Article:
AI is exciting and is dominating the headlines. But, if you still have data processes that involve downloading data from one system, messing around with it in Excel, then uploading it into another system, you should be looking at automating that before anything else. And that goes for most accountants!
There’s a ton of proven, affordable solutions that can deliver immediate ROI. But for many in the office of finance, they seem technical and hard to understand — but with a few tips you can get started today.
The business case for integration
First, it’s good to think about why we might want to do that. Since so many of us process data flows manually, it’s easy to forget that it doesn’t have to be that way — and that it comes with steep costs.
Time is a huge one. Every accountant wants to be spending time on delivering value to the business; spreadsheet jockeying takes us away from that.
Errors are another. Manual work always invites errors! And then we waste even more time double and triple checking.
Manual processes also hold us back from timely reporting. How useful would the business find it if we could deliver numbers every day instead of every week or month, with no additional overhead?
And don’t underestimate the impact on morale. Will people want to work for us if we make them waste time on manual data work? Something to consider as we navigate the shortage of accounting talent.
Getting automated doesn’t have to be scary. First, take an inventory of what you need to integrate — and don’t just consider the worst offenders.
What are your systems — and are they on-premise, hosted or cloud? How often do you need the data to move? What time period should each process cover? Are there any data quality checks that need to happen (for missing fields, incorrect formats etc.)?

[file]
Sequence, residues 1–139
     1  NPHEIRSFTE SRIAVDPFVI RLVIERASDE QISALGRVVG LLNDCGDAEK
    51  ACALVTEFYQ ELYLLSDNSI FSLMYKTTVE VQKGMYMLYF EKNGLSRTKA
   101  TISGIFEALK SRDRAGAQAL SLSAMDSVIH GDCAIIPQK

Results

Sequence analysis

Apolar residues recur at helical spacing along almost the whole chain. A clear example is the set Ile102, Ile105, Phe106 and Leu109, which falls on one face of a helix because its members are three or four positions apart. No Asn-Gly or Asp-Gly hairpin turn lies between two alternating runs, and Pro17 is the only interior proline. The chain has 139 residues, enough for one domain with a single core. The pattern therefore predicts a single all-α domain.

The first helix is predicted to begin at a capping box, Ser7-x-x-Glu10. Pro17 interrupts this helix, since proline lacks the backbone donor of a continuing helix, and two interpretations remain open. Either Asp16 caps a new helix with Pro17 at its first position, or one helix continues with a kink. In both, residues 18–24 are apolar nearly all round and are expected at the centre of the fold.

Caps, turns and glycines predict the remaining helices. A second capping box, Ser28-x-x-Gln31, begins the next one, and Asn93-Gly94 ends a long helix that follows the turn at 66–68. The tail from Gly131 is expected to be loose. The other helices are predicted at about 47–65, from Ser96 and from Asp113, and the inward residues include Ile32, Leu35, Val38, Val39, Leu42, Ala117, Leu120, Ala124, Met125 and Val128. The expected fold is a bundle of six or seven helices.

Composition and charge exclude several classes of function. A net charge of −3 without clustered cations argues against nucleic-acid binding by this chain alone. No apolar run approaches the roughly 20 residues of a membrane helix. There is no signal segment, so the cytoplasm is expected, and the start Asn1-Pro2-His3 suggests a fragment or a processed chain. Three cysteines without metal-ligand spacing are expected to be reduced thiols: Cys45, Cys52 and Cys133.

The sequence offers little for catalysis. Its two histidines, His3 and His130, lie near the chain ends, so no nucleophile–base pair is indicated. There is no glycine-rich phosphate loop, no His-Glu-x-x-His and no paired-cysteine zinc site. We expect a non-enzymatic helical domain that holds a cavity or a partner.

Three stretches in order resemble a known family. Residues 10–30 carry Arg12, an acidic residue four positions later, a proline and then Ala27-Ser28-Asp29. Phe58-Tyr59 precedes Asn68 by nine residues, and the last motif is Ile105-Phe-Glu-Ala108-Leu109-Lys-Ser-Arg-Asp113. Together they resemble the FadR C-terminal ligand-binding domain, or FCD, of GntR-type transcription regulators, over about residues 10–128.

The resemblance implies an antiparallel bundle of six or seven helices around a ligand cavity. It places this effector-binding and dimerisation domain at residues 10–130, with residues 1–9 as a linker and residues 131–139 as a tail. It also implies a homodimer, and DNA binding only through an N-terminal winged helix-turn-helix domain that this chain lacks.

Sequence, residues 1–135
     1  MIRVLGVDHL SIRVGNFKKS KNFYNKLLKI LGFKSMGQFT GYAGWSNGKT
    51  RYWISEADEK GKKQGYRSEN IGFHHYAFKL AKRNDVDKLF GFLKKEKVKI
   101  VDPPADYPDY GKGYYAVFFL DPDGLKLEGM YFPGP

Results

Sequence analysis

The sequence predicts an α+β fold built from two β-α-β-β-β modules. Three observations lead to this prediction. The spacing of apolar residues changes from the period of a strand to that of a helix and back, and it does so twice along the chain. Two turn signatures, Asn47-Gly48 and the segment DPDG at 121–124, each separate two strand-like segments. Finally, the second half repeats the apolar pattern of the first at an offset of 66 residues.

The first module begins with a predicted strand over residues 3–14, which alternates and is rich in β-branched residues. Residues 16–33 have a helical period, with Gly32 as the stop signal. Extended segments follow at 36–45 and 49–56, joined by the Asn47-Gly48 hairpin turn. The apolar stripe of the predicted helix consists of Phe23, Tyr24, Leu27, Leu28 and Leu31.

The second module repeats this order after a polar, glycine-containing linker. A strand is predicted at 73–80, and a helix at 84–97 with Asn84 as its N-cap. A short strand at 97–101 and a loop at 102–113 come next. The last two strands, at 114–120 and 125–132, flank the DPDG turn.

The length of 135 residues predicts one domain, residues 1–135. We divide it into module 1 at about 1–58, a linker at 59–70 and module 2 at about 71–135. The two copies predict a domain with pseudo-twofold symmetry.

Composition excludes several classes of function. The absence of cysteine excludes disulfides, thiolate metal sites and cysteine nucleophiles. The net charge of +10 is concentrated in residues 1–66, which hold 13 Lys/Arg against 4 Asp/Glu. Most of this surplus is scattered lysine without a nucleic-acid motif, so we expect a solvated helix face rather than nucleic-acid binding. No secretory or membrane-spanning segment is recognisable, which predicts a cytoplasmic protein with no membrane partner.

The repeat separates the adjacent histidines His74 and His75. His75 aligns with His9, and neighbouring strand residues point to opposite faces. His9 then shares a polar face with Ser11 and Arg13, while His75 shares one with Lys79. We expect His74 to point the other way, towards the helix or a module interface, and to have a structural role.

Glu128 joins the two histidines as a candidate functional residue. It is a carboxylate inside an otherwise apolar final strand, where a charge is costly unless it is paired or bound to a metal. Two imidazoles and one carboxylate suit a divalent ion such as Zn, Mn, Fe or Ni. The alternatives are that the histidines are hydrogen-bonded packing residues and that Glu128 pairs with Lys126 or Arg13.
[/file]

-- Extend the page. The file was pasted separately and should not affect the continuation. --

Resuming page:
Most importantly, what data needs to move where, and do we need to change it along the way?
Investigate your options
Then, there are three main options to explore.
Many of your systems will probably have a set of built-in or “native” integrations with other tools that they are commonly used with. They’re always worth checking out as they can be very convenient, being within a system you already use, and can often solve a problem for you very neatly — often at a very good price point.
However, they only offer specific use cases; if you want something else, you may be out of luck. They also may not scale with volume — it’s best to test with the vendor. Most importantly, they only solve a slice of the problem. You have a whole pile of applications that need to work together, and it’s unlikely that built-in integrations exist for everything you need. Even if they do, the ease and cost benefits of this option start to go away when you have a lot of them!
The second option is for a consultancy to create you a custom integration — most commonly the firm that sells you your accounting system. There are a lot of possibilities here, so be sure to ask for more details if your reseller offers this option. This can be a great option to deliver relatively complex requirements at a reasonable cost, but be sure to bottom out a) initial costs, b) ongoing costs and c) have some idea of what costs will be involved if changes are needed — either because your business changes, or the systems do.
That future cost uncertainty can be a downside to this approach, along with potentially requiring a project from your consultant any time you want to make a change. Custom integrations also don’t typically have advanced, useful features that you might find in a dedicated tool.
Finally, you can look at dedicated integration software, sometimes called Integration Platform as a Service or iPaaS. These vary hugely from simple self-service tools to high-end enterprise software, which is why it’s always important to understand your requirements. These tools offer the broadest flexibility and premium features, allowing choice in notifications, scheduling, data checking and the like. As a result, historically this has been the most expensive option, but it’s worthwhile to look at all your options — the one that is most cost effective may surprise you.
There’s a lot more to think about, but if you haven’t done so, why not make 2024 the year you look at the true costs of manual data processes, and explore your options to automate them?
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